Iggy Pop has created plenty of lore at South By Southwest over the years, both with the Stooges and on his own – and particularly a near-riotous 1996 solo performance outside the famed Driskill Hotel that convinced festival and Austin city officials to move their free shows to another occasion. His “Austin City Limits” taping Tuesday night at this year’s SXSW was a tamer affair, but just as memorable.
With a new — and, Pop has said, final — album, Post Pop Depression, due out Friday, he played a generous hour and 50-minute set with the all-star team that made the album — Queens of the Stone Age’s Josh Homme, who produced and co-wrote the set, QOTSA bandmate Dean Fertita (also of the Dead Weather) and Arctic Monkeys drummer Matt Helders, as well as QOTSA’s Troy Van Leeuwen and Chavez’s Matt Sweeney on bass.
It was only the troupe’s second show, following a surprise March 9 warm-up gig at the Telegram Ballroom in Los Angeles, but it sounded like a band that had been together for years — with Homme smiling like a proverbial kid in a candy store — as well arguably as the tightest and most accomplished group that’s ever backed Pop. And the 68-year old icon clearly felt the power behind him, behaving with a bit more restraint than in the past but still a dervish who was bare-chested by the night’s third song. He used the “ACL” cameras as props and made several forays deep into the crowd on the floor in front of him.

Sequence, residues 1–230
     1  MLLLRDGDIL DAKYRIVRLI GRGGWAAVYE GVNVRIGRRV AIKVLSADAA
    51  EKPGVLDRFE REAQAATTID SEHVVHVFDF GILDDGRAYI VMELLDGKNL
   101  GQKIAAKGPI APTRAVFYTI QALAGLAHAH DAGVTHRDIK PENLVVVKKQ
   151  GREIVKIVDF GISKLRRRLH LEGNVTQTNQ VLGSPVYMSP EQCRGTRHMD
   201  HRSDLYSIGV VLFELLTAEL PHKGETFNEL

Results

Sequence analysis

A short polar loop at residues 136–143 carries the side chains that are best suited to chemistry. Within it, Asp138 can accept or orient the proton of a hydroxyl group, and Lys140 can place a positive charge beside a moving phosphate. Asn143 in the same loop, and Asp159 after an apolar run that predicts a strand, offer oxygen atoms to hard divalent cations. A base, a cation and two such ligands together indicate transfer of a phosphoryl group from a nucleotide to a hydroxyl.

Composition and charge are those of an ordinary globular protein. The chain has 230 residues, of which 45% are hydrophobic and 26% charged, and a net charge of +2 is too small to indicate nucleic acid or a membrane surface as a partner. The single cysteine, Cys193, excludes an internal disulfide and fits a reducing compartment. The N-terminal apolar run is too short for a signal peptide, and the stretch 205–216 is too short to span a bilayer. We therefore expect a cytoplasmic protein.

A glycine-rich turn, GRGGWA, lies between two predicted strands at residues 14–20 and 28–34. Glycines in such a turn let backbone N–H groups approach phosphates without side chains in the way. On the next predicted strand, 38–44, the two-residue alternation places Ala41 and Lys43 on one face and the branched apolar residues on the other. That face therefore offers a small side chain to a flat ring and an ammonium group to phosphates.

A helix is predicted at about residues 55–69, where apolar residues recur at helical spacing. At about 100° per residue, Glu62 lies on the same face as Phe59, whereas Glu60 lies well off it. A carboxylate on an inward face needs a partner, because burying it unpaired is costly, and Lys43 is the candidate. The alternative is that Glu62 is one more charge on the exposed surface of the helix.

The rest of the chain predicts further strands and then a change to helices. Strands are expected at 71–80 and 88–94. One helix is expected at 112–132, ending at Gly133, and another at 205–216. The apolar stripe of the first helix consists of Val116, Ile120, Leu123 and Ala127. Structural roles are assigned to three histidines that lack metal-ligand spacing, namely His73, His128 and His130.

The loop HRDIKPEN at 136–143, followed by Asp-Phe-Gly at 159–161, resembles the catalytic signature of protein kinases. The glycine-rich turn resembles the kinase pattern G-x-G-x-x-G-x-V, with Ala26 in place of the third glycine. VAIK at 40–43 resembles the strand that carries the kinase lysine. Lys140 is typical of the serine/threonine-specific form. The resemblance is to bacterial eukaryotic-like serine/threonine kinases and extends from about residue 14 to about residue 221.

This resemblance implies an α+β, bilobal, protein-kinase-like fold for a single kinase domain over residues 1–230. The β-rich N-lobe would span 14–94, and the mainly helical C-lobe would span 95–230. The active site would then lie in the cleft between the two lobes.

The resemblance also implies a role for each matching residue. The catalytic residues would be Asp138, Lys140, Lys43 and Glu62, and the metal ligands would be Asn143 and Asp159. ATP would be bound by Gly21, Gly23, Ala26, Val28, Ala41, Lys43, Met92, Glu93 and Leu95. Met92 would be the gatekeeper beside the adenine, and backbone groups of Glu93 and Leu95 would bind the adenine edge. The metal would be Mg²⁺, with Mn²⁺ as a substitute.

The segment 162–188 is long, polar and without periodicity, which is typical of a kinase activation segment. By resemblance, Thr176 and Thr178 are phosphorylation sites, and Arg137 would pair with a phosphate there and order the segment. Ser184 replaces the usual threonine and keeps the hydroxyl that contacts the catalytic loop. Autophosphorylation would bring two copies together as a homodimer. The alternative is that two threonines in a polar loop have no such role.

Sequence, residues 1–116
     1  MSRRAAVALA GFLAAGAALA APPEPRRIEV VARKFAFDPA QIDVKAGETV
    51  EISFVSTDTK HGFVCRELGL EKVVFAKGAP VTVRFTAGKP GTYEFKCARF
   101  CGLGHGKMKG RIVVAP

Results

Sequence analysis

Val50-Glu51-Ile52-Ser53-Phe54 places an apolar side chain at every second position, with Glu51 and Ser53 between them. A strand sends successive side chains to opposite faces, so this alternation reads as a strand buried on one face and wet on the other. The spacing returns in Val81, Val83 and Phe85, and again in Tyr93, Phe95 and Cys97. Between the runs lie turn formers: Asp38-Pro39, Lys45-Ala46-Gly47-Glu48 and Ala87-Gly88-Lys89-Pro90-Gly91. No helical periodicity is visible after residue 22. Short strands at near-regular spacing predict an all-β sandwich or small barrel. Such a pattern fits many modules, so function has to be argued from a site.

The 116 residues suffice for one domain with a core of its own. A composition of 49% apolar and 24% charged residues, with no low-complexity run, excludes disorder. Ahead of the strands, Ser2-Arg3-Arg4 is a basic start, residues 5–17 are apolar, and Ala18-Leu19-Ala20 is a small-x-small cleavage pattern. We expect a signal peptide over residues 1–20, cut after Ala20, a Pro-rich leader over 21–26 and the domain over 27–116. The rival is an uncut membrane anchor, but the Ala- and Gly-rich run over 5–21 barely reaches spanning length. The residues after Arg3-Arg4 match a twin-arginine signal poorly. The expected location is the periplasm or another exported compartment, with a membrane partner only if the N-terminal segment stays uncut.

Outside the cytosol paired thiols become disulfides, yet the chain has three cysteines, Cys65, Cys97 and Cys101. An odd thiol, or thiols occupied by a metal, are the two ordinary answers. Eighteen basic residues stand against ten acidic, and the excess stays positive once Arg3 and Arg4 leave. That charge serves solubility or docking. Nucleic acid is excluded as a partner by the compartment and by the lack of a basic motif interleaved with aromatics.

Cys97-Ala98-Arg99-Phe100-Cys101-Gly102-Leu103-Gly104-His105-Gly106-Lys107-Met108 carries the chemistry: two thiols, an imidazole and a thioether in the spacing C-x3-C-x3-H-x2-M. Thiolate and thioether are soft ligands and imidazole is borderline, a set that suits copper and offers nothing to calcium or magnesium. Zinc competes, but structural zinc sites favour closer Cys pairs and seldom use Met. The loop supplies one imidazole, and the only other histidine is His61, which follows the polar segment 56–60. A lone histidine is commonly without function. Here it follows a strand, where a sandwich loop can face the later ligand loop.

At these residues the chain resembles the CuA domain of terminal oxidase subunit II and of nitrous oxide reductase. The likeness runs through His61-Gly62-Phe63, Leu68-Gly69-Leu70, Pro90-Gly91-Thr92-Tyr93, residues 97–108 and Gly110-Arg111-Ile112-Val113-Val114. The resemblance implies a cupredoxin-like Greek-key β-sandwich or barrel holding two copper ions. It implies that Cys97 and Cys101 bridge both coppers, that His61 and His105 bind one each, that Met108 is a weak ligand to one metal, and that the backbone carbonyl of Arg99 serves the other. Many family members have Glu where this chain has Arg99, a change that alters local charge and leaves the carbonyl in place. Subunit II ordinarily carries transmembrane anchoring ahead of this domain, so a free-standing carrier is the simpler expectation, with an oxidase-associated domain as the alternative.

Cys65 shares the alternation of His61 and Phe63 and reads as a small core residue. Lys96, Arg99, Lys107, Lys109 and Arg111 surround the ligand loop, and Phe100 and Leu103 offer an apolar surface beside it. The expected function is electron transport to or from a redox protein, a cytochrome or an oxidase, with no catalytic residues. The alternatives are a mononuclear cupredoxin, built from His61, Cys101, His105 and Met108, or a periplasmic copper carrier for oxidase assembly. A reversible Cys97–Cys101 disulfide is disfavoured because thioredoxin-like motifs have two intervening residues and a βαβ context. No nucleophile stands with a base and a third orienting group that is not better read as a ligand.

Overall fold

And after delivering the inflamed rant against contemporary culture and information overload in the second half of the new “Paraguay,” Pop smiled as he told the crowd, “Nothing personal.”
“It’s a f— of a big deal to f—ing come out for anything, so we’re gonna keep playing,” Pop informed the ebullient crowd at the Moody Theatre, and the 22-song setlist featured eight of Post Pop Depression’s nine songs — all of which crackled in their live renditions — and also focused on the two albums David Bowie produced for Pop during the 70s, on which Homme modeled the new album.
Favorites such as “Lust For Life,” “The Passenger” and “China Girl” were rapturously received, as were deep tracks and rarities that Pop hasn’t performed in decades (“Success”) or ever before this month (“Baby”). The instrumentalist put their mark on all concerned, fleshing out the electro minimalism of “Sister Midnight,” “Nigtclubbing” and “Mass Production” and tearing into urgent rockers such as “Sixteen,” “Fall in Love With Me” and a particularly frantic “Repo Man.”
Pop, Homme and company play a second show at the Moody Theatre on Wednesday, while the Post Pop Depression tour formally begins March 28 in Seattle, with a European leg launching May 4 in Stockholm, Sweden.